Sending Photos to an Editor: How to Know What Electronic Format to Use

Now, assuming you’re working with electronic images, you’ll be faced with the question of what format to save them in.

The JPEG format is the most common and provides the end user with a file that can be used with virtually any software.

However, an editor may request another format such as GIF, TIFF, or EPS. Photo-editing software such as Photoshop(tm) can convert your images to these file types.

Sending Photos to an Editor: How to Deliver Your Images to an Editor

You can email files that are smaller than two MB as long as your email provider allows attachments of that size.

If your photos are each larger than two megabytes (MB), it is best to burn them to a CD or DVD and mail that to the editor. If you do this, I recommend you request a delivery receipt and tracking to ensure that the images arrive safely.

Another option for delivering large photo files is to use a file transfer protocol site, also called an “FTP hosting” service. For a small fee, an FTP site allows you to place very large files on a secure internet site. Once the file has been uploaded to the FTP site, the editor can download it when she is ready. (Do a Google search for “FTP hosting service” to find a service.)

Sending Photos to an Editor: How to Choose the Images You’ll Send

Editors like to use photos to enhance the written material they print. They like to see a variety of images that help tell the story.

I have had editors ask for as many as 50 images to choose from and as few as one. If the guidelines don’t specify, you can ask. But as a rule, six to twelve images is typically adequate.

The images that you send should include horizontal and vertical shots. Provide a broad or wide-angle view as well as detail shots. It’s also a good idea to provide one or two shots that have a little extra space around the main subject to allow for cropping.

Include shots of people if you have them. Photographs of recognizable people that are used for editorial purposes usually do not require model releases. (You can check the publication’s submission guidelines, which will usually clarify this point.)

Sending Photos to an Editor: How to Label and Caption Your Images

Each image you send should have accompanying copyright and caption information. The caption should include a short description of what’s in the image as well as names of people (if applicable) and what they’re doing.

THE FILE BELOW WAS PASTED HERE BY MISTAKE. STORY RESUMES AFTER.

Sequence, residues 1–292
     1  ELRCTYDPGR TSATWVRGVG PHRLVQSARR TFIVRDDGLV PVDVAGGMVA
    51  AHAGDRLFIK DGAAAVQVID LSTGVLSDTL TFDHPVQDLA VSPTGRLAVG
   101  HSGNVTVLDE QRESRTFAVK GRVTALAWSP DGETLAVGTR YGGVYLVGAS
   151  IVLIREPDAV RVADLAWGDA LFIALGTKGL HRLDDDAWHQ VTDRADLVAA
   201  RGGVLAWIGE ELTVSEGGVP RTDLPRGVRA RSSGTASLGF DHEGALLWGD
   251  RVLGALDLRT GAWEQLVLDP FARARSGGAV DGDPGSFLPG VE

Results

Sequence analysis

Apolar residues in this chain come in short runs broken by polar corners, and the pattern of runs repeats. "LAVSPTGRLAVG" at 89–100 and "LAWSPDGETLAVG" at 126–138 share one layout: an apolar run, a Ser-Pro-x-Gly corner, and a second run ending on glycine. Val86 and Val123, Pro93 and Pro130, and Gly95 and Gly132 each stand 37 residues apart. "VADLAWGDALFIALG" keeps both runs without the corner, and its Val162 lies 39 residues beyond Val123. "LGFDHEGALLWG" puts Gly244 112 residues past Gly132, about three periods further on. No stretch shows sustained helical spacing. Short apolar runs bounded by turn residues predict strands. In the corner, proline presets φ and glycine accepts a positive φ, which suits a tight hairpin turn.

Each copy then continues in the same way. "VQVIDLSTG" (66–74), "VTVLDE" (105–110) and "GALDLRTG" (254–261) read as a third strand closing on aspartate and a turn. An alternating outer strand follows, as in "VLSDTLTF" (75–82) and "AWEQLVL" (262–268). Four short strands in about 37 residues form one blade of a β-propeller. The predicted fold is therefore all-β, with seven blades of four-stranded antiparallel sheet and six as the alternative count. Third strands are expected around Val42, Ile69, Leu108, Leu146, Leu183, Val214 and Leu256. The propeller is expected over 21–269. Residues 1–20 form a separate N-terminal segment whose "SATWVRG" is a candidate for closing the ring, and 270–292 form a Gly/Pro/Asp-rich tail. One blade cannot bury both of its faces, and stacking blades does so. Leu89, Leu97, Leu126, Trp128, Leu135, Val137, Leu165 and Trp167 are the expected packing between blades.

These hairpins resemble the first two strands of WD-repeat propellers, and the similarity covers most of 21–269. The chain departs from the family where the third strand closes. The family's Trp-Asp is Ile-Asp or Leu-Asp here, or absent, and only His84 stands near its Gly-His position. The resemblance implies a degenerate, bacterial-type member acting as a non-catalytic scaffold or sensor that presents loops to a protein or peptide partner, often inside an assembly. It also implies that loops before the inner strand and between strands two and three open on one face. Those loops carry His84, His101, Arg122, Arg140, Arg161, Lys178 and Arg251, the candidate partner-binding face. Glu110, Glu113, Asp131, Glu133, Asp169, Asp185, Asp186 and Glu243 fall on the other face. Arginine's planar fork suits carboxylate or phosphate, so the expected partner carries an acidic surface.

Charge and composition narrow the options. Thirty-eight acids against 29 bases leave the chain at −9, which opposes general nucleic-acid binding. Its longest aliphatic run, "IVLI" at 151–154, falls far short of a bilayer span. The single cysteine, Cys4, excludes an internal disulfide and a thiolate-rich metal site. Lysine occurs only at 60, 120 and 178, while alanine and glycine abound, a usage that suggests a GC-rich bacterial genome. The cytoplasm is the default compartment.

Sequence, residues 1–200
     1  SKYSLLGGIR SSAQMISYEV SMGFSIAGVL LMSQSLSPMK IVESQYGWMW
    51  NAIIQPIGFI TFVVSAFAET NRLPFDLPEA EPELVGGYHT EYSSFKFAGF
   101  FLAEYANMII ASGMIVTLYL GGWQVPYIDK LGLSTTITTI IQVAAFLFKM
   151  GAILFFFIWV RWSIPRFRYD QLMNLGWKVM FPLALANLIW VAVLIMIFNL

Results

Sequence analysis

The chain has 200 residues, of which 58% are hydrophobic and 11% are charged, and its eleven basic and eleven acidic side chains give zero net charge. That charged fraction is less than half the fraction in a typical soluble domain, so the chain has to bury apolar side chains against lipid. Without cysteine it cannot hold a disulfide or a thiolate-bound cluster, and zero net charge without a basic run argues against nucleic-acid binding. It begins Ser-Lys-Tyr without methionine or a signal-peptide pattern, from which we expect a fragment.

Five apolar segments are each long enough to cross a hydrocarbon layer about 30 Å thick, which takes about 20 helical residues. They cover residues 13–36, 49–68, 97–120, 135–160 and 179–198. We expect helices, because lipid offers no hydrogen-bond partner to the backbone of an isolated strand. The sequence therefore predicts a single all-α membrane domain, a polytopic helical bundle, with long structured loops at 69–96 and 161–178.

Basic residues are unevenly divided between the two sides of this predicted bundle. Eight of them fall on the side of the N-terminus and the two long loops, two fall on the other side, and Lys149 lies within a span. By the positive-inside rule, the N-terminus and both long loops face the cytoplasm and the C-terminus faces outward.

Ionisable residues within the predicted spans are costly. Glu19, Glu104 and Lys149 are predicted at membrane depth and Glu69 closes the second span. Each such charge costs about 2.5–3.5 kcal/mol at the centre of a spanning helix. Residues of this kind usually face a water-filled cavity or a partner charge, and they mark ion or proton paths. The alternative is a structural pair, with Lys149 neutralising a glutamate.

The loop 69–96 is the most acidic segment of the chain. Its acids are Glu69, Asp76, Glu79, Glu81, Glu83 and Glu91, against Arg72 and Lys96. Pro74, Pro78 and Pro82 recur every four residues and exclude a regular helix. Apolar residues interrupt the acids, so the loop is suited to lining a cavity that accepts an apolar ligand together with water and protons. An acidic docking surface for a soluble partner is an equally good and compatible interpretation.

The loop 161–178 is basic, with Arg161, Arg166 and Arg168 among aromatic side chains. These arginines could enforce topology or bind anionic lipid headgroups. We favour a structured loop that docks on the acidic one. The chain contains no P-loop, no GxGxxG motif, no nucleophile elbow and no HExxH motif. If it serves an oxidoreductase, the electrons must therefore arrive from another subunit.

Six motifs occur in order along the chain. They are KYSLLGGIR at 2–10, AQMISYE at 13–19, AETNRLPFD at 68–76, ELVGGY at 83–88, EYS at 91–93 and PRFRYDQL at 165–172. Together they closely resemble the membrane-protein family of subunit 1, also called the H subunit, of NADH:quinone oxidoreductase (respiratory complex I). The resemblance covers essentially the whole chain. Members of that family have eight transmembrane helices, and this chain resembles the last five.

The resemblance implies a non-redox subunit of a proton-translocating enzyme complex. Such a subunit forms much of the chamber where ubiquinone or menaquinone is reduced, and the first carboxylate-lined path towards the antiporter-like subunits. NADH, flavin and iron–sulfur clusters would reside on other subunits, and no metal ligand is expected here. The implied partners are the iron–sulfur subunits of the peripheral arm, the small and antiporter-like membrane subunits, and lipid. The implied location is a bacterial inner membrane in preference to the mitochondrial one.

At the end of the caption, include the copyright symbol (c), the year the photo was made, and your name. I like to add the statement “All rights reserved” after my name.

My copyright looks like this: (c) 2007 Riley Caton, All Rights Reserved. If you don’t have the copyright symbol, use the word “Copyright.”

If you are supplying electronic images, you should provide the editor with an email or Word file that clearly describes your copyright information and caption for each image.

You should also enter the copyright and caption information in the IPTC or image information file that is attached to the image. (This is something you can do in your photo-editing software.)

[Editor’s Note: Learn more about how you can turn your pictures into cash in our free online newsletter The Right Way to Travel.  Sign up here today and we’ll send you a new report, Selling Photos for Cash: A Quick-Start Guide, completely FREE.]

[custom_fields]
[custom_fields]
[email]
[email]
[custom_fields]
[custom_fields]
[160]
[160]
[custom_fields]
[custom_fields]
[custom_fields]
[custom_fields]
[custom_fields]
[custom_fields]
[36]
[36]
[custom_fields]
[custom_fields]
[email]
[email]
[custom_fields]
[custom_fields]
[160]
[160]
[custom_fields]
[custom_fields]
[custom_fields]
[custom_fields]
[custom_fields]
[custom_fields]
[36]
[36]
[custom_fields]
[custom_fields]
[email]
[email]
[custom_fields]
[custom_fields]
[160]
[160]
[custom_fields]
[custom_fields]
[custom_fields]
[custom_fields]
[custom_fields]
[custom_fields]
[36]
[36]